Monday morning saw a continued rise in the stock market, as Wall Street reacted positively to an agreement over the weekend that forestalled the U.S. imposition of new tariffs against Mexico. Investors have also watched signs that the domestic economy is weakening and believe that the Federal Reserve will have to respond by cutting interest rates, which they think will be positive for the stock market. As of 10:30 a.m. EDT, the Dow Jones Industrial Average (^DJI 0.16%) was up 171 points to 26,155. The S&P 500 (^GSPC 0.03%) gained 22 points to 2,896, and the Nasdaq Composite (^IXIC -0.28%) climbed 113 points to 7,855.

Merger and acquisition activity came to the forefront to begin the week as several high-profile companies announced deals to make major combinations. Defense contractor Raytheon (RTN) received an offer from industrial peer United Technologies (RTX 0.54%) in what could be a massive acquisition that has implications for both military and commercial aerospace, as well as other industrial businesses. Meanwhile, in technology, Tableau Software (DATA) found itself the target of a deal from pioneering software-as-a-service provider (CRM -0.29%).

An industrial powerhouse

Shares of Raytheon jumped 8% after it announced that it would combine with United Technologies in what the two companies called a merger of equals. The strategic move brings together Raytheon's defense prowess with United Technologies' broader portfolio of businesses in the aerospace industry.

Missile firing from a rocket launcher on the back of a truck.

Image source: Raytheon.

Under the terms of the deal, Raytheon investors will receive 2.3348 shares of the combined company for every Raytheon share they own. That puts about 43% of the value of the post-merger company in the hands of Raytheon shareholders, with the remaining 57% sticking with United Technologies investors.

The timing of the anticipated closing of the merger reflects the fact that United Technologies is already going through some significant corporate restructuring on its own. United Tech still expects to break off its Otis elevator and Carrier heating and air conditioning businesses as separate companies during the first half of 2020, with the Raytheon merger expected to follow that separation closely.

The two companies see huge gains from the merger, including $1 billion in annual cost savings by the fourth year following the combination, new revenue opportunities from combining technology, and expected return of $18 billion to $20 billion in capital to shareholders during the first three years of combined operations. If Raytheon and United Technologies prove to have as complementary a corporate and business structure as they believe now, then the combined business will challenge other industry leaders in a host of areas.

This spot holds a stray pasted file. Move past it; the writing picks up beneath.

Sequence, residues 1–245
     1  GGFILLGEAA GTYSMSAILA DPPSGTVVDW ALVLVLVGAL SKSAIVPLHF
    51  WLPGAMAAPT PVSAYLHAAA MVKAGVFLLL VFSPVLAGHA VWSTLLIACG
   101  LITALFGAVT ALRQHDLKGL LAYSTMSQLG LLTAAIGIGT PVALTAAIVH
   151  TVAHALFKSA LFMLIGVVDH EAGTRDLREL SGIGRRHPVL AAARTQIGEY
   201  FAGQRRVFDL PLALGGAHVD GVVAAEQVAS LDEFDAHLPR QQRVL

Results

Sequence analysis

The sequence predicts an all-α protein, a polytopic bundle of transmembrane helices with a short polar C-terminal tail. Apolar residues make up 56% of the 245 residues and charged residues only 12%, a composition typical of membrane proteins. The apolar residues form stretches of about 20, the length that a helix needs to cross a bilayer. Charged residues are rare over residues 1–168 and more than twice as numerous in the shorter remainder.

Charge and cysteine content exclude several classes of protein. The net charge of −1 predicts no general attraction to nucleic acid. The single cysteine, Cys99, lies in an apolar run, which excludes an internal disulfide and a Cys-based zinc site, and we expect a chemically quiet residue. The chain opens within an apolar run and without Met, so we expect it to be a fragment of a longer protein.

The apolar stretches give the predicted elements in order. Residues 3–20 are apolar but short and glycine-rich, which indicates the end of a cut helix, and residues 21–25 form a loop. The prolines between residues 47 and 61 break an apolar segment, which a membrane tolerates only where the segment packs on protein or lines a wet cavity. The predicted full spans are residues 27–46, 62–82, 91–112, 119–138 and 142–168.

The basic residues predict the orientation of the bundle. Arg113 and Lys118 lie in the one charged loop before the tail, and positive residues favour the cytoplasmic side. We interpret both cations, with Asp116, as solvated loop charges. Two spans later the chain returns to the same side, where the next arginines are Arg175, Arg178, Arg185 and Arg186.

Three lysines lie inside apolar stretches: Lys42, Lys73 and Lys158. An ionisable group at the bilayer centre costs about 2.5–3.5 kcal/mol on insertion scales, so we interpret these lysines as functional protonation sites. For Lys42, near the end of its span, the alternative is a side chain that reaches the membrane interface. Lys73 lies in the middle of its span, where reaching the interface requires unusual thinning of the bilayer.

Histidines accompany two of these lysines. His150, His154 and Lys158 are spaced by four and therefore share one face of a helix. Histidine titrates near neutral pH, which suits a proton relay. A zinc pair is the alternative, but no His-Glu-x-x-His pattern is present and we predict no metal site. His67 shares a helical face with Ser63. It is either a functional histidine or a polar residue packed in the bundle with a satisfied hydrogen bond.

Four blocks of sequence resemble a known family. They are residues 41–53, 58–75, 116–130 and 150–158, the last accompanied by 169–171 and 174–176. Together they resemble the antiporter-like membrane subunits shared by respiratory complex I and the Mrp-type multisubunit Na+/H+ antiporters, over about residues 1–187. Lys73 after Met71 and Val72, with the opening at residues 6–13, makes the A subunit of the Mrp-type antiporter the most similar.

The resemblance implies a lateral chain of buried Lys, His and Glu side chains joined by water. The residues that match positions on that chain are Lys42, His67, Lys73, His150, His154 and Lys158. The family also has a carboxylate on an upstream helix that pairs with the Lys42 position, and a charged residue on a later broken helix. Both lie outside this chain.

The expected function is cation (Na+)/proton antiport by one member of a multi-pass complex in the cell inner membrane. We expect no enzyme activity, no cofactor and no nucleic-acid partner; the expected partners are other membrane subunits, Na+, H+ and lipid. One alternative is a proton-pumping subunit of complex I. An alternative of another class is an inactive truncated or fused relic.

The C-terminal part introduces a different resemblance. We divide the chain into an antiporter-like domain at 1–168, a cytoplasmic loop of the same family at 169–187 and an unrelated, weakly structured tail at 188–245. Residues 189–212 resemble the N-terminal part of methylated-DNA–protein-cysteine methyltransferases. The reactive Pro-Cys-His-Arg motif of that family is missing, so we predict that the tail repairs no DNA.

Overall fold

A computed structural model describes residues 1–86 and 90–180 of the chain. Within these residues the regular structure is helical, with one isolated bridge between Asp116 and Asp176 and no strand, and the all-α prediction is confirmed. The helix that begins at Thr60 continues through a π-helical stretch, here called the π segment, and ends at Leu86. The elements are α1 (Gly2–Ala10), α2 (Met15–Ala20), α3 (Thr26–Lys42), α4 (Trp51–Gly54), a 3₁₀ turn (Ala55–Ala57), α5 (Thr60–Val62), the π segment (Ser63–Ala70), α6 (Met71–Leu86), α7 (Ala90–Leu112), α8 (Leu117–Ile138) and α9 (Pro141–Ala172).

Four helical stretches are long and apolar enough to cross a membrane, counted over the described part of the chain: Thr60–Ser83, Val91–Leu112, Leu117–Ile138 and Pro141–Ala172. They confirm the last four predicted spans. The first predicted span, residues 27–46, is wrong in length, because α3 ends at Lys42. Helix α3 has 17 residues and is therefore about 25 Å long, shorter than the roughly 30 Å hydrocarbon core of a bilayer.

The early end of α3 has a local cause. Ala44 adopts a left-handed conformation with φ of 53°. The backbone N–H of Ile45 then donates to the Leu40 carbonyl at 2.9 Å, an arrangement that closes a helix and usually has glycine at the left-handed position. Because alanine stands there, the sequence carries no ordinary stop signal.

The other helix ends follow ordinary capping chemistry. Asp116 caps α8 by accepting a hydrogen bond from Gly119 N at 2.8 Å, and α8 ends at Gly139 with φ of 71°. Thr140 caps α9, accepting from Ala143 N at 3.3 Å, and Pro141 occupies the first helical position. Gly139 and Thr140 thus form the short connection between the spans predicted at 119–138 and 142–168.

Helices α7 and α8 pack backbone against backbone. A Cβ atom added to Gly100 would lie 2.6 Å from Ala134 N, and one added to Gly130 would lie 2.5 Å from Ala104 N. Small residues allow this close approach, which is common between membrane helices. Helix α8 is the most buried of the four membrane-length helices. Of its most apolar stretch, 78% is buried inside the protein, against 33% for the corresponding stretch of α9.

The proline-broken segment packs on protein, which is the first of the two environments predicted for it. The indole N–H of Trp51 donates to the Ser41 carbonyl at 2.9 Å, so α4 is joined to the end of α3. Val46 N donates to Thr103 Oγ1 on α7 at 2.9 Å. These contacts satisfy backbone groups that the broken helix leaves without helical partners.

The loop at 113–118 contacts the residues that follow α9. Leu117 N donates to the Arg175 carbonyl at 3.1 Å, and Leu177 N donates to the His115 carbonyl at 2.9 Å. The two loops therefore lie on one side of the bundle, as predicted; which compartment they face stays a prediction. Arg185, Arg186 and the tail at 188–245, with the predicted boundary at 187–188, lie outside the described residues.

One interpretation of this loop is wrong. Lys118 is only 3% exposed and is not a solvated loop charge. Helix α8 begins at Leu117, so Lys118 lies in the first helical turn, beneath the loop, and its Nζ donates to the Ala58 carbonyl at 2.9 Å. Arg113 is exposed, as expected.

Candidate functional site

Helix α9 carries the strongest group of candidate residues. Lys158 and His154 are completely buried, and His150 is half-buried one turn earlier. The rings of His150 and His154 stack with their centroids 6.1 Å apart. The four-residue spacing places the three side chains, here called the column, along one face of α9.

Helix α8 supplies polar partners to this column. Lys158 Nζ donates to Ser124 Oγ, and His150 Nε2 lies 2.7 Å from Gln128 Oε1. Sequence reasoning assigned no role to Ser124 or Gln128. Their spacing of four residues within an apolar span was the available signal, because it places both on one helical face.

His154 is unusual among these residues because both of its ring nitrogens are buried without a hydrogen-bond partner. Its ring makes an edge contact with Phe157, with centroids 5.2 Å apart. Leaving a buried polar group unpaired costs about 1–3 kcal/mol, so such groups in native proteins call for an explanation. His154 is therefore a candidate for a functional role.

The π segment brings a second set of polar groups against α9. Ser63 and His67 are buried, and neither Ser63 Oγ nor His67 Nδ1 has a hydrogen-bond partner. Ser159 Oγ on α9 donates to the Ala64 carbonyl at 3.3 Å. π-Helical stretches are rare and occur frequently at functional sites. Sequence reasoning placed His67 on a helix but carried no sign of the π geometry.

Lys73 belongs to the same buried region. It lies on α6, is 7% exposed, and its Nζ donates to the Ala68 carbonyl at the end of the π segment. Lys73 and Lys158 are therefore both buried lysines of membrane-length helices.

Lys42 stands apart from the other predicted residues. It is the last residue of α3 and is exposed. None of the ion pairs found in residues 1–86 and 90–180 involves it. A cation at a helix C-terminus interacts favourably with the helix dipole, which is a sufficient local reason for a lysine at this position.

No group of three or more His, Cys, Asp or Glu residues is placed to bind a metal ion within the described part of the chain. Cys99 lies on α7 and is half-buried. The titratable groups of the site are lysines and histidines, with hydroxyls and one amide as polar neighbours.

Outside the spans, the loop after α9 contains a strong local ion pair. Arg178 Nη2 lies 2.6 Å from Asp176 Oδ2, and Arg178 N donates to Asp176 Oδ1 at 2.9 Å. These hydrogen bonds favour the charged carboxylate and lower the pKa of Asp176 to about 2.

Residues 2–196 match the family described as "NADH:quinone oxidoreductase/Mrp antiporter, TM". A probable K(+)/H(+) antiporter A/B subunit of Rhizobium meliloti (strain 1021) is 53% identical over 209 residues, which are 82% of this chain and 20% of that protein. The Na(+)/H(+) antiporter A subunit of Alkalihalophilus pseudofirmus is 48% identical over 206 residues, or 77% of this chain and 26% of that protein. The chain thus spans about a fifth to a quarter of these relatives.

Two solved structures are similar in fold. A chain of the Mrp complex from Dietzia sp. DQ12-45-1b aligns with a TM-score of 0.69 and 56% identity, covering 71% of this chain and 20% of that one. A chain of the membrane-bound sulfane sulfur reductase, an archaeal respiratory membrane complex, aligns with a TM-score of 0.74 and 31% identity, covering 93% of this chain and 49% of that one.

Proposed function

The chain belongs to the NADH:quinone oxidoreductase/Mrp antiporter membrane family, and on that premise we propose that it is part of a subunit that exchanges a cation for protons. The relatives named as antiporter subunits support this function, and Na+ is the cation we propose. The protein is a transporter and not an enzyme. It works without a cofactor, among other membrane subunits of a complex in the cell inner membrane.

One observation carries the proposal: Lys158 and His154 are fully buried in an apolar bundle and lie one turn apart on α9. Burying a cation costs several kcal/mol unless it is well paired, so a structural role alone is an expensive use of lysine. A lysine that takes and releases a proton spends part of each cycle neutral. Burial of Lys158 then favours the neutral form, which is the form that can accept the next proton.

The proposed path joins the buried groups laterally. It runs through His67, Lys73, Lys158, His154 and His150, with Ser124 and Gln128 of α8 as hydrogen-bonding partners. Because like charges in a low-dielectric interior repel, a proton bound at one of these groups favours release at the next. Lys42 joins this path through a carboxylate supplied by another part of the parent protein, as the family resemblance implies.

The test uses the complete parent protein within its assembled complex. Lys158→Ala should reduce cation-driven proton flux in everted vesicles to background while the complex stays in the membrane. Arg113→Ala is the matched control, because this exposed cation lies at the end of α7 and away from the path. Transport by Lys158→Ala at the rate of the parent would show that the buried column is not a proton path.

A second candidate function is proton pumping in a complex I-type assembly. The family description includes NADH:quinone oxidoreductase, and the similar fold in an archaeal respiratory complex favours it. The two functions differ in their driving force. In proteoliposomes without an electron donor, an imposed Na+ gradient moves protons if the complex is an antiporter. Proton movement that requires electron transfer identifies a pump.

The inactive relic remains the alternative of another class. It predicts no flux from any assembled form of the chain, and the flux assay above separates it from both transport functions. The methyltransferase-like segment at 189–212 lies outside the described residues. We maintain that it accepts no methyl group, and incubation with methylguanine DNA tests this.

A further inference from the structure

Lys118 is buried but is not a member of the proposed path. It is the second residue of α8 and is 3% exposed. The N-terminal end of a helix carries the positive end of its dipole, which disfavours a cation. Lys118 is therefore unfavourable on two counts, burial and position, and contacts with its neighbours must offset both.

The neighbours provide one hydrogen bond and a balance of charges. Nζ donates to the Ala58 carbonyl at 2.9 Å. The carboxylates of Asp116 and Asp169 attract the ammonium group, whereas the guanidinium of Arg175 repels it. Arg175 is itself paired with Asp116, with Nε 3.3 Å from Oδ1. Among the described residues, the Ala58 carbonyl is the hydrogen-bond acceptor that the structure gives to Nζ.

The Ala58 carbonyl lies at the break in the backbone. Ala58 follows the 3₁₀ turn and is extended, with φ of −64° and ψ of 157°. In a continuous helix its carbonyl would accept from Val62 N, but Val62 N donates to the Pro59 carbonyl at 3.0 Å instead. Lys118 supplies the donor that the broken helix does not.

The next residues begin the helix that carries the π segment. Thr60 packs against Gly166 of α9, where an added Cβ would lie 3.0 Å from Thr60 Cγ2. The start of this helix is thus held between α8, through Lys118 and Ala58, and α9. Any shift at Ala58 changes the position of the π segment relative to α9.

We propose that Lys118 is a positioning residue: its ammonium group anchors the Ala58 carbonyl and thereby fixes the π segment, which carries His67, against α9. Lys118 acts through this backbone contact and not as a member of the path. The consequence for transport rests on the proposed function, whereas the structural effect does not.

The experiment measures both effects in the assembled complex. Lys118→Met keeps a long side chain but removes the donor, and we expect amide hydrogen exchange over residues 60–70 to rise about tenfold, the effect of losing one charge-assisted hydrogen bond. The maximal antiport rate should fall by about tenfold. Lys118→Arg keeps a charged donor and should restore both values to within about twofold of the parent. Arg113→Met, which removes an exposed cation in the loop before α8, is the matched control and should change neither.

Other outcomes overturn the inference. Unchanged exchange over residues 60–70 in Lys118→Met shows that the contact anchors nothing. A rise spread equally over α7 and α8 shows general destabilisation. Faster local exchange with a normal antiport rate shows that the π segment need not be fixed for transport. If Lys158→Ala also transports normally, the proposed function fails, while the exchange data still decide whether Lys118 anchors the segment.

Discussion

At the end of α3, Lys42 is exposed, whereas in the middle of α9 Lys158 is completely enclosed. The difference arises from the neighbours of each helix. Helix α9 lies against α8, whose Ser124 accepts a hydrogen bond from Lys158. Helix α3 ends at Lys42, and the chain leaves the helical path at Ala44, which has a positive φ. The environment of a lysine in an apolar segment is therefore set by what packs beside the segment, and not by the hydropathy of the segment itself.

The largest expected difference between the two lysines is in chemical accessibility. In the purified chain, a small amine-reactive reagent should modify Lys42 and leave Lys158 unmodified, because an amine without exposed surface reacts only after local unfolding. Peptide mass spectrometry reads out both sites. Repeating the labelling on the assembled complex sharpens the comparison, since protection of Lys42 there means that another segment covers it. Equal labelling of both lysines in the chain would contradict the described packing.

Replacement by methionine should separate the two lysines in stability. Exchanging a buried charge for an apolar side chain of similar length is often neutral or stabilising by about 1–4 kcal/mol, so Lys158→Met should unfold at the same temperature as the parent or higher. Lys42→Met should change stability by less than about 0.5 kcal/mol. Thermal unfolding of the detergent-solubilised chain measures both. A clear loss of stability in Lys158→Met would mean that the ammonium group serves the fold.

A big deal for big data

Tableau Software made an even bigger splash in Monday morning trading, with its shares soaring 33% following the announcement that Salesforce would pay $15.7 billion for the data analytics specialist. The move highlights the value of companies with big data expertise, as well as the especially useful niche that Tableau serves with its data visualization platform.

Tableau shareholders are set to receive 1.103 shares of Salesforce for every Tableau share they own, under the terms of the agreement the two companies reached. Salesforce expects to complete the transaction during its fiscal third quarter, implying a closing by October. Tableau's founders have already committed their shares to the proposed exchange offer that Salesforce will implement to consummate the deal.

As the two companies see it, the acquisition will bring together the top customer relationship management (CRM) provider with the top analytics platform. Tableau CEO Adam Selipsky said, "Tableau's intuitive and powerful analytics will enable millions more people to discover actionable insights across their entire organizations" as a result of being part of Salesforce. The CRM giant's co-CEOs also added their belief that Salesforce shares a similar vision with Tableau in helping customers use their data more effectively.

The move in Tableau's share price shows the premium that larger tech companies have had to pay lately to tap into higher-growth segments of the industry. Some of Tableau's peers also saw their shares climb in hopes of making deals of their own, and it'll be interesting to see whether Salesforce's competitors step up to the plate with acquisition bids in the near future.